By Jan Worth-Nelson
Beset with evidence contradicting his claims that he was a Congressional Medal of Honor winner from the Vietnam War, Flint Mayoral candidate David Meier stated in an email to East Village Magazine today that he has ended his political campaign.
“I went to city hall today to withdraw from the mayors race and was informed that it was too late,” he wrote. “I have decided to stop campaigning and doing interviews. I do not plan to participate or be involved in the process any longer.” He did not admit that his claims were false.
Meier’s claims, detailed in two EVM stories last week, drew the attention of the FBI after numerous calls and emails from veterans and contact with the Congressional Medal of Honor Society, an organization comprised of actual Medal of Honor recipients headquartered near Charleston, S.C. It maintains archives of service, communicates with recipients, and offers a range of services and supports.
FBI Special Agent Mike Sanborn in Washington contacted EVM on Friday and Monday to report an FBI investigation into Meier’s situation was underway but that he was not at liberty to offer details of the investigation. Asked if Meier’s claims were untrue, Sanborn said, “I think we know that — it’s a fact.”
Sanborn confirmed Meier has no record of military service. EVM has learned that Meier, 67, is divorced and lives alone in an apartment.
Sanborn’s area of expertise is in following up on cases of “stolen valor,” of which Meier’s claims are an example — when someone claims the heroic acts of another. Meier claimed that he had received a Medal of Honor from President Richard Nixon in 1973 based on actions in An Loc, Vietnam in May, 1969. That is the story not of Meier, but of James Leroy Bondsteel, originally of Jackson MI, who did receive the Medal of Honor. Bondsteel was killed in a freak traffic accident in Alaska in 1987.
“A lot of these medals were paid for by these veterans’ lives,” Sanborn said. “These guys are the best this country has ever produced. When you read their stories, you realize how much they’ve sacrificed. The thing is, when you know them, they’re the most humble guys you could ever meet.”
Sanborn said regardless of the circumstances surrounding a person’s false claims, “It’s despicable.”
A Marine Corps veteran of Desert Storm and Somalia, Sanborn said Meier is just one of many cases of “stolen valor” he has investigated in 22 years in the FBI.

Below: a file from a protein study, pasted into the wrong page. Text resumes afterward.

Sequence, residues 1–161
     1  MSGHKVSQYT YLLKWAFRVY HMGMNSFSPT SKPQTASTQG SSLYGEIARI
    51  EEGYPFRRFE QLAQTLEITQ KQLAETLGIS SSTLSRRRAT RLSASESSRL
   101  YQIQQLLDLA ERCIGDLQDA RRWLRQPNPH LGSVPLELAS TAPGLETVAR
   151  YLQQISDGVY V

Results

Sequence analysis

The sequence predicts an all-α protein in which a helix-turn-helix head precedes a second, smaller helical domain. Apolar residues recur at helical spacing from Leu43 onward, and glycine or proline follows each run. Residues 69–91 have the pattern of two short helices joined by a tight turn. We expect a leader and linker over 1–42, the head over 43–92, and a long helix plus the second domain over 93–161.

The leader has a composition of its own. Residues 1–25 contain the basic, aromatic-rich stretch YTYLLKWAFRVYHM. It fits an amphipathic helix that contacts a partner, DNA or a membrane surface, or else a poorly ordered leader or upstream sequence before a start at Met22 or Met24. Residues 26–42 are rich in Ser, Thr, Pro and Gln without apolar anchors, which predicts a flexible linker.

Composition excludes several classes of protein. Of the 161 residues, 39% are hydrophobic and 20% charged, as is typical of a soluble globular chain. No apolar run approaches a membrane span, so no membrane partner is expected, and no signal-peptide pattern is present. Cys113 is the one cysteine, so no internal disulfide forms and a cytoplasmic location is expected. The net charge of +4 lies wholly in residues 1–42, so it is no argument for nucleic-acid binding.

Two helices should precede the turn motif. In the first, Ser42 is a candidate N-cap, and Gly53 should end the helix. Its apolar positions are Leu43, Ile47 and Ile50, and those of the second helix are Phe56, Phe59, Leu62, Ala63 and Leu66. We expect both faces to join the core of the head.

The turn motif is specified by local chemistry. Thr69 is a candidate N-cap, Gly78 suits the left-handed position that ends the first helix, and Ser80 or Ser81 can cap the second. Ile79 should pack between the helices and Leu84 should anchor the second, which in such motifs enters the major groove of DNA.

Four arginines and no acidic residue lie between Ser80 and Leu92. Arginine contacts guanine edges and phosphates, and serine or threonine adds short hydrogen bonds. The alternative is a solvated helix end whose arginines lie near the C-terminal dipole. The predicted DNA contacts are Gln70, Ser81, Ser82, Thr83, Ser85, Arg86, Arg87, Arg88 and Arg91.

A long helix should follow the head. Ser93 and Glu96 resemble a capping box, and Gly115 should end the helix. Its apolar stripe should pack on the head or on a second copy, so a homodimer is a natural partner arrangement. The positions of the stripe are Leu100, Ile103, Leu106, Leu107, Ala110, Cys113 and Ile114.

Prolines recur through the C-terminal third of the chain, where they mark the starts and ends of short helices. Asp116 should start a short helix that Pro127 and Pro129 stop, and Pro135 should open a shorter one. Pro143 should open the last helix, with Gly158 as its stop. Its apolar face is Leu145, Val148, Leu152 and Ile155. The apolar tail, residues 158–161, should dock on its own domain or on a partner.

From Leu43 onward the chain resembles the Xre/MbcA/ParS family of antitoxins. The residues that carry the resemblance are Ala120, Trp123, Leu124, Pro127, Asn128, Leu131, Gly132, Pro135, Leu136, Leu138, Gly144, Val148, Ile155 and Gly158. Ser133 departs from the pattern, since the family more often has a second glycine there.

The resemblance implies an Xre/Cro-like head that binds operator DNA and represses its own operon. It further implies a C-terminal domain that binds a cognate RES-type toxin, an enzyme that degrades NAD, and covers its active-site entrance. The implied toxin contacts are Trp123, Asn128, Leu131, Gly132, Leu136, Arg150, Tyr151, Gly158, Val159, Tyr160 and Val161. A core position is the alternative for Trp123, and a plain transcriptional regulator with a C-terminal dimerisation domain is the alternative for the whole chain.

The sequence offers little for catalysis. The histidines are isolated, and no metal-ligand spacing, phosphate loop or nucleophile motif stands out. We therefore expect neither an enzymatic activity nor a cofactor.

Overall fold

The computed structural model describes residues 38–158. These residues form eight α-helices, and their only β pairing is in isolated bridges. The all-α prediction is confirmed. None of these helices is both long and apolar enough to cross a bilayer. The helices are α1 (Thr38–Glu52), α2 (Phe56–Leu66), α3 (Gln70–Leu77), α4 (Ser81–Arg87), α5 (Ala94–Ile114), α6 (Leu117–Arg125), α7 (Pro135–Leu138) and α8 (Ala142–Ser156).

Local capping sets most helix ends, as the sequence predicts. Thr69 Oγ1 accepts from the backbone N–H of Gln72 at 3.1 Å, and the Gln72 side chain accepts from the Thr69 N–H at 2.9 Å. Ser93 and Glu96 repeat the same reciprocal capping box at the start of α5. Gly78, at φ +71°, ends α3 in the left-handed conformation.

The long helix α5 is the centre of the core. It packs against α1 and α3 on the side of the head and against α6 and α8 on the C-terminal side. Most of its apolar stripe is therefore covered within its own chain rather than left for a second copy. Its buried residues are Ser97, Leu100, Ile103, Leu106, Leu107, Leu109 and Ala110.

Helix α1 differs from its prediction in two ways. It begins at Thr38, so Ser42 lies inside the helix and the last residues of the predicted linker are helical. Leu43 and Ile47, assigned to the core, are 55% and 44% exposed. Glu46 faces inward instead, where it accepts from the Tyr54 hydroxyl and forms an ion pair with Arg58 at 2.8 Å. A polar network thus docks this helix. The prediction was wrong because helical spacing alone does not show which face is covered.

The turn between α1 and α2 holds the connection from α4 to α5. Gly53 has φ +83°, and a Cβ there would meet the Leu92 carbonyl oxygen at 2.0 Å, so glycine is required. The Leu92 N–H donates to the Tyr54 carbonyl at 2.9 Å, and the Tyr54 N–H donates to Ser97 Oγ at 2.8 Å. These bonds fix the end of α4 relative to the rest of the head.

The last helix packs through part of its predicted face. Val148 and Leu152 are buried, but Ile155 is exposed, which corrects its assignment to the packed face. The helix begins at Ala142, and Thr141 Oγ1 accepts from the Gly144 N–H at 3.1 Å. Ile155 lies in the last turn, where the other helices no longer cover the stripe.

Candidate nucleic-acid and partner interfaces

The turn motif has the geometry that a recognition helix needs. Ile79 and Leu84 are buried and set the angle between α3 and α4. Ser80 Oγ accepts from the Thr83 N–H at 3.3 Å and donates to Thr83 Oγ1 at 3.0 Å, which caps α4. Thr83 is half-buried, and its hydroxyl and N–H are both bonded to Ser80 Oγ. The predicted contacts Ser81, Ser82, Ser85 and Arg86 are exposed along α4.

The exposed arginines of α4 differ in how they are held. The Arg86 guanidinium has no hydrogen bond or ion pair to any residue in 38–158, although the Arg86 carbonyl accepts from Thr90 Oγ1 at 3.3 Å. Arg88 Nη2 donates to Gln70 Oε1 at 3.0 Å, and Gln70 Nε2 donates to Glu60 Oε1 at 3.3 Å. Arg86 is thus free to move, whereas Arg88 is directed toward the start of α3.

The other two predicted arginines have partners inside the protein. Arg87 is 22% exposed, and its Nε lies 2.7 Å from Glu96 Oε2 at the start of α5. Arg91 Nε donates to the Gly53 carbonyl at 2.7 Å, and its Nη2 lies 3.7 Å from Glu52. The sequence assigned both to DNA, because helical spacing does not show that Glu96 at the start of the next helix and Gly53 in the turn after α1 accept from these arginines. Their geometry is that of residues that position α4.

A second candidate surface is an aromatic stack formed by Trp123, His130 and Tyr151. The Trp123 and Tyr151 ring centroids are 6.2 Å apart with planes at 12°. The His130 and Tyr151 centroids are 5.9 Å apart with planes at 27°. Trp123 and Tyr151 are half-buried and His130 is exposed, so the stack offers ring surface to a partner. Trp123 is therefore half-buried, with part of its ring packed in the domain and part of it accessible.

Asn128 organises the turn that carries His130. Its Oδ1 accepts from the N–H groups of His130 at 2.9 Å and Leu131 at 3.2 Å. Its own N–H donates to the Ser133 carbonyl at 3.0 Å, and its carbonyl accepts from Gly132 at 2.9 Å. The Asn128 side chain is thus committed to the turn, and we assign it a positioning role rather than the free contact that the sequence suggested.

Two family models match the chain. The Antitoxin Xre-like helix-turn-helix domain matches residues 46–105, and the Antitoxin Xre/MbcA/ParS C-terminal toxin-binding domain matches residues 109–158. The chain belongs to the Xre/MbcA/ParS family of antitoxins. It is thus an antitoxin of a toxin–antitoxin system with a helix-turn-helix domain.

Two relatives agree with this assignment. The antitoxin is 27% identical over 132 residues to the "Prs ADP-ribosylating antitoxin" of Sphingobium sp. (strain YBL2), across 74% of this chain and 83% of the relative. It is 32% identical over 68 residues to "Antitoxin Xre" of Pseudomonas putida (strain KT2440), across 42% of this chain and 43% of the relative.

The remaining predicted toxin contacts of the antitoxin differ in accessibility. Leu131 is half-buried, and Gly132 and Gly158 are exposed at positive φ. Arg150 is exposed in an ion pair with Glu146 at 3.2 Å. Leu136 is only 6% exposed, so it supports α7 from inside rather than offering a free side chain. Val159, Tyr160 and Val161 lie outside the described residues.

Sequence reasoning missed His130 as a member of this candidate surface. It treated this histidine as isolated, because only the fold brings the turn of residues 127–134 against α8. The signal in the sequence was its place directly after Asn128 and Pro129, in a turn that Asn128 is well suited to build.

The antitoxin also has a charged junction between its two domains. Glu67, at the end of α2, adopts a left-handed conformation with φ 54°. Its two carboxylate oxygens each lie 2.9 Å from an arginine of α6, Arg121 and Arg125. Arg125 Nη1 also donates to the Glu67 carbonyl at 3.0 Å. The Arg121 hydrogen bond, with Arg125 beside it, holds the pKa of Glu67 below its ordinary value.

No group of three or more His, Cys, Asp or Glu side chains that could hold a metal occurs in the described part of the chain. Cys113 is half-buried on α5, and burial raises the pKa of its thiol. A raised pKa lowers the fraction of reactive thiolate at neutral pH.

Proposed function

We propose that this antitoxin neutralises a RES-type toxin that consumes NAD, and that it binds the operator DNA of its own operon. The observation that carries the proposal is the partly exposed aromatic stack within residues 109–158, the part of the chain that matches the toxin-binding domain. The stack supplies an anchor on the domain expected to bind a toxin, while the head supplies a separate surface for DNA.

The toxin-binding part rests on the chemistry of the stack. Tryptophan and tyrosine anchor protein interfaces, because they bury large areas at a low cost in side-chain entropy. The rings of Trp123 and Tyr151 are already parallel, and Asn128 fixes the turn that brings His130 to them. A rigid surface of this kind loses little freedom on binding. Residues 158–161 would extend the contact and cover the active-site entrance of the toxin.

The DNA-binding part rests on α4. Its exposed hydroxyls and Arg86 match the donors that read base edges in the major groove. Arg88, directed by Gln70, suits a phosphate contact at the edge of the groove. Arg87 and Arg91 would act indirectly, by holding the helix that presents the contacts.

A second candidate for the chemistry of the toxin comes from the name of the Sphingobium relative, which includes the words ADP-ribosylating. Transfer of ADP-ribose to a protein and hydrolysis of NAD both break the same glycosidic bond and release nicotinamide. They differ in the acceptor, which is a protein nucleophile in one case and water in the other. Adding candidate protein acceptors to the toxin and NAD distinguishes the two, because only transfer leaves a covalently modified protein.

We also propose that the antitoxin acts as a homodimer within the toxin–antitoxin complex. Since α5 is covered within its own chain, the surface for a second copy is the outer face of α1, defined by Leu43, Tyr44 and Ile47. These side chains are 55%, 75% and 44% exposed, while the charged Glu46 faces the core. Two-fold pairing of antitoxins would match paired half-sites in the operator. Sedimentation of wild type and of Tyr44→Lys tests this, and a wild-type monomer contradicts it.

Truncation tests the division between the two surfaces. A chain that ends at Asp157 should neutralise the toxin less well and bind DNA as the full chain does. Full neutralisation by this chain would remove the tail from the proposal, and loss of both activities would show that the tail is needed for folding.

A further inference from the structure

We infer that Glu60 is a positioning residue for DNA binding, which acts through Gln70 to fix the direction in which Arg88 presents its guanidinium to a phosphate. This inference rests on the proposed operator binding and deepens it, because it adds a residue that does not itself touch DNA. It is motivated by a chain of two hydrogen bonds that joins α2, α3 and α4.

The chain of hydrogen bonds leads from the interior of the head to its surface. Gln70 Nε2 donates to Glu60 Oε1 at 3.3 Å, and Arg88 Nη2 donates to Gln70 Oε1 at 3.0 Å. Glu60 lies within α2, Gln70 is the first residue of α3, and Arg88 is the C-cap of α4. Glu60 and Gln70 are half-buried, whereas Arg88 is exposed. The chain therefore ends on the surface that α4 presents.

“We’re trying to protect the integrity of the medals and of the honor,” he said. “So many of our veterans went through so much,” he said, noting that especially Vietnam veterans experienced mistreatment not just in service but when they got home. In contrast, “most of these phonies never had the guts to serve,” he said.
“We’re doing our best to try to help the veterans get their pride back,” he said. “And then, something like this, it’s another slap in the face.”
He said Meier’s case reminded him of the case of Xavier Alvarez of Pomona,CA. In 2007, Alvarez ran — and was elected to — a water board and claimed falsely that he was a Congressional Medal of Honor winner. In United States v. Alvarez,after a conviction under the Stolen Valor Act and appeal, the Supreme Court decided that his falsehood was “free speech protected” under the First Amendment. The court basically said that lying about receiving military honors was “contemptible but constitutional” according to one government summary of the matter.
Sanborn noted that up to 700 unauthorized copies of the medal, the nation’s highest combat honor, were issued in the 1990s by H.L.I. Lordship Industries, which had been the nation’s primary maker of military decoration. The company’s contracts with the Pentagon were abruptly terminated and the company fined after officials discovered they were reproducing the medals and selling them for profit.
That scandal created a nightmare for the Pentagon and the FBI, which began a sweep to obtain the unauthorized medals from gun shows, at auctions, at estate sales and from many private individuals. Sanborn said he just recovered two last week. He said he’s found them in the chambers of a federal judge and a sheriff, among many other places.
As of Oct. 23, there are 73 living Congressional Medal of Honor recipients in the country. Three are in Michigan: Charles Kettles of Ypsilanti and James McCloughan of South Haven, both Vietnam veterans; and Robert Simanek of Farmington Hills, a Korean War veteran.
As indicated in many sources, online and otherwise, selling a Medal of Honor is illegal under federal law, and punishable by a fine of $100,000 and up to a year in jail. It is also illegal to wear the medal as if it is one’s own.
Meier’s departure from the campaign still leaves 17 mayoral candidates, including Mayor Karen Weaver. A second candidate forum is scheduled for tomorrow night at 5 p.m. at the Flint Public Library. The election has been necessitated by a recall action against the mayor. If she wins the most votes, the recall will have failed and she will continue in office. If she does not win the most votes, the candidate who does will be the next mayor, as soon as the election is certified.
EVM editor Jan Worth-Nelson can be reached at firstname.lastname@example.org.